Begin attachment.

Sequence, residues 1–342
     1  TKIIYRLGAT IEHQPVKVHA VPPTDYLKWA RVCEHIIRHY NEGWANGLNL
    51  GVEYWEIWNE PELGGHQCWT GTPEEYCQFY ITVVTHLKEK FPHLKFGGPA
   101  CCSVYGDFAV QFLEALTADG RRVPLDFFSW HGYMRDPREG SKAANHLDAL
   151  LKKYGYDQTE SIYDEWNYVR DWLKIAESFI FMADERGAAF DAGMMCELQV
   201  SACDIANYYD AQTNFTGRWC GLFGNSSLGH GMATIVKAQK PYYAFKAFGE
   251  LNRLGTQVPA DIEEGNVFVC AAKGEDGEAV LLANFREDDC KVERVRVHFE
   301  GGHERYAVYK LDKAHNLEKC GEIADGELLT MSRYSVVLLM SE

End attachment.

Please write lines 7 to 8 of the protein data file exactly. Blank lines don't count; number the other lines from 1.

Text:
   251  LNRLGTQVPA DIEEGNVFVC AAKGEDGEAV LLANFREDDC KVERVRVHFE
   301  GGHERYAVYK LDKAHNLEKC GEIADGELLT MSRYSVVLLM SE